Danny Meyer, CEO of Union Square Hospitality Group, spoke with Delta CEO Ed Bastian about topics such as becoming an antiracist company.

As the COVID-19 pandemic began to unfold, the path forward for entrepreneur Danny Meyer resembled the narrow, rickety bridge in “Indiana Jones and the Temple of Doom”: Some things would have to be left behind, or the bridge would break under the weight.

“When we all agreed with the reality that this pandemic would one day be over, we asked, ‘What do we want to bring with us?’”

Meyer, the founder of Shake Shack and CEO of Union Square Hospitality Group, spoke with Delta CEO Ed Bastian in a candid conversation as part of the Gaining Altitude series. Bastian’s conversation with the hospitality visionary in this second episode served up an assortment of topics – ranging from losing revenue overnight and closing restaurants in 2020 to becoming an antiracist company, mental health and the future of hospitality.

Ed asked Danny to join him, not simply because his company’s mission toward “Enlightened Hospitality” resonates with Delta’s, but because of his leadership and focus on strong employee culture, especially in such a challenging period for the hospitality and travel industries.

“If we learned one thing over this past year and a half, it’s the power of humility and the power of listening,” Meyer said.

For him, that meant USHG’s employee-first culture needed to not only be diverse – but give everyone a seat at the table and an opportunity to feel included.

“Our journey as a restaurant company was one that began as a nonracist business. We have come to realize it’s on us to learn what it means to be an actively anti-racist business. I’ve been proud of the openness of the leaders on our team,” Meyer said.

“But really, it’s not just about diversity, but making people feel included. The worst thing you can do is invite six people to your party and ignore them.”

The leaders jumped in with both feet, talking candidly about the state of hospitality and the current shortage of talent. “I really think we need to be introspective – we didn’t have the option to work remotely during the pandemic. So how are we showing up to support our teams as they work late nights, take long commutes home? What can we do to make quality of life for these employees better?”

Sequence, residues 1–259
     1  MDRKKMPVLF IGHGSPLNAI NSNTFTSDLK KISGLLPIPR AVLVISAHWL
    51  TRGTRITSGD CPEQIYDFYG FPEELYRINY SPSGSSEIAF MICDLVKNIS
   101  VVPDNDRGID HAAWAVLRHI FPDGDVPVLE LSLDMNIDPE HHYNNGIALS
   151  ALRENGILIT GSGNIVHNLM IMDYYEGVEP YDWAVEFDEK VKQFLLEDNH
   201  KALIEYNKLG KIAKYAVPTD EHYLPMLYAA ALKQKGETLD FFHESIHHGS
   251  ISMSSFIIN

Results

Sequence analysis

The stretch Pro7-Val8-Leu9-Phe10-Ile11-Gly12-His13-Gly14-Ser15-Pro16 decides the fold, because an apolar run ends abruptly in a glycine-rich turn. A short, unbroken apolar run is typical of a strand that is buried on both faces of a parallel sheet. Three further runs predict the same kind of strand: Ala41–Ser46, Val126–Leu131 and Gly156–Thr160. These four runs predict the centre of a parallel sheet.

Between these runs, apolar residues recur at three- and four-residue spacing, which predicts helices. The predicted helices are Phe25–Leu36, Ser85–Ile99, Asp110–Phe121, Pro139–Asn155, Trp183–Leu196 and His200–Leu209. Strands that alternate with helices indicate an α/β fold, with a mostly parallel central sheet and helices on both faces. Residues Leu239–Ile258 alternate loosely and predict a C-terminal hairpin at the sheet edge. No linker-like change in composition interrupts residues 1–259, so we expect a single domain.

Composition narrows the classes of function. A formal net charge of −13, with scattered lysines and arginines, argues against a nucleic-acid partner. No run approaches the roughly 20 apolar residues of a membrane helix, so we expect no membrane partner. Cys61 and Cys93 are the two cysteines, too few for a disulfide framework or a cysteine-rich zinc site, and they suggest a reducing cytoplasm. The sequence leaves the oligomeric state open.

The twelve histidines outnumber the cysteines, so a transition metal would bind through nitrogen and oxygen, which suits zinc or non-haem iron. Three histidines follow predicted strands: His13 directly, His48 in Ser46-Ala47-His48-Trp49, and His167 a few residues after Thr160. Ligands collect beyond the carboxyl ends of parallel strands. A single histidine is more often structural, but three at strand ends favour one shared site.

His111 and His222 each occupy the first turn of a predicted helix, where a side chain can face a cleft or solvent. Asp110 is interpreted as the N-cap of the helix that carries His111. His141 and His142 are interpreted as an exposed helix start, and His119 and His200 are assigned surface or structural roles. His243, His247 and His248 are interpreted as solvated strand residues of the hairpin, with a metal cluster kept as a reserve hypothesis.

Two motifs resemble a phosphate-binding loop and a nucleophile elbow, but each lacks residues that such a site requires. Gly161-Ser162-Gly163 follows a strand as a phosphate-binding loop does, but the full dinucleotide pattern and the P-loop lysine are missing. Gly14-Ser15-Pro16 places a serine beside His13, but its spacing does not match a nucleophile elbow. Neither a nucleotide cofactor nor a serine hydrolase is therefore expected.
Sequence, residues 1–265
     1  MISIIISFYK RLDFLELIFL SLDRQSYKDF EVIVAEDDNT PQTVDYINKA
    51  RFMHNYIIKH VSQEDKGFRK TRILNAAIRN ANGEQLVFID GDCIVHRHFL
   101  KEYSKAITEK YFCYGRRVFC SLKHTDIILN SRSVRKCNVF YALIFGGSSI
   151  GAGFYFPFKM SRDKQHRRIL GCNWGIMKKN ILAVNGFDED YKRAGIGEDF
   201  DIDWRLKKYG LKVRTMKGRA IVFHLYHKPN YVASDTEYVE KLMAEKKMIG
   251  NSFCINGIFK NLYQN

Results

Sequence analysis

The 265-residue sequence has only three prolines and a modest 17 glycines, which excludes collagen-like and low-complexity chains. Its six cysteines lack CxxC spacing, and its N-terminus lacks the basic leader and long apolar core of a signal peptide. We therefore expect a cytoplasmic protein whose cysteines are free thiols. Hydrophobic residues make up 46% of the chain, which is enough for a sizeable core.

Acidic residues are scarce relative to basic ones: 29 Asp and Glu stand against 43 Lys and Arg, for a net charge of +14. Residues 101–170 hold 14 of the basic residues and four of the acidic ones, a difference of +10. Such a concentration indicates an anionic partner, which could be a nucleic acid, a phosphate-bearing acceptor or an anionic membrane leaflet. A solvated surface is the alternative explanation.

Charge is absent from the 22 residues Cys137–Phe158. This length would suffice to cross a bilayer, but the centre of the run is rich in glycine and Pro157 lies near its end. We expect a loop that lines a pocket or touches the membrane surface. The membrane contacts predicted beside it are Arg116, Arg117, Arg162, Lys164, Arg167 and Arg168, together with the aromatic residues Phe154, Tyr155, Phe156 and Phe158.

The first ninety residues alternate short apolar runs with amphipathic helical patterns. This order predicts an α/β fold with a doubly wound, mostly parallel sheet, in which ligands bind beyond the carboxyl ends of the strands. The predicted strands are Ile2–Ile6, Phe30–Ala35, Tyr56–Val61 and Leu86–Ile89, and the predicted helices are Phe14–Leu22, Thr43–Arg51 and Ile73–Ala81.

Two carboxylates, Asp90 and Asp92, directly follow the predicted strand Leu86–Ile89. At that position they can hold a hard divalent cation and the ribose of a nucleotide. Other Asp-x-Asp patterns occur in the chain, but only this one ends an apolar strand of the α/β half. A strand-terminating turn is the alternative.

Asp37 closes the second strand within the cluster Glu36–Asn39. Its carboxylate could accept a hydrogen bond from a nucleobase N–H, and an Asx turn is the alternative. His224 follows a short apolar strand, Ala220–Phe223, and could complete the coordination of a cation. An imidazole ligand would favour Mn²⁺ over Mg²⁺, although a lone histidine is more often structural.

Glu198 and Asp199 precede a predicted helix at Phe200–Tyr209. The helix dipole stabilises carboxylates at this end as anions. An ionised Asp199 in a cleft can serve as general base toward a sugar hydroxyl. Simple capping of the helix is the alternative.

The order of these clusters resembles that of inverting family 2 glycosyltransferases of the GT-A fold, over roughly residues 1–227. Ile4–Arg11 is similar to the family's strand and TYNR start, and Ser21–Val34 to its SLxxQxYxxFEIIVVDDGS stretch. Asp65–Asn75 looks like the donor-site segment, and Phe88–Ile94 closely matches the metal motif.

The pandemic presented Delta and the restaurant industry a chance to reflect and, perhaps, pivot. “We recognize now more than ever the importance of personalizing the experience. We are trying to anticipate what customers need – and maybe they don’t even know what they need,” Bastian said.

This includes technological updates to streamline and ease customer experiences. Danny shared how he differentiates the experience USHG offers their customers. Hospitality is service customized. “Service is what we do for everybody; hospitality is what we do for YOU.”

To deliver the best experience for customers, the leaders agreed the priority must be the well-being of people. They agreed mental health was a tough topic even before the pandemic.

“While the focus for us has been on protecting our people from the virus ... we also know that’s only the basics,” Bastian said, noting Delta’s efforts to promote wellness and resilience, whether it be physical, mental or even financial.

Gaining Altitude continues to serve as a unique opportunity to connect with our employees and our customers. Viewers from inside and outside of Delta were invited to be part of the conversation – submitting questions ahead of time and live. Check out today’s episode replay and our previous episode with Tristan Walker at delta.com/gainingaltitude.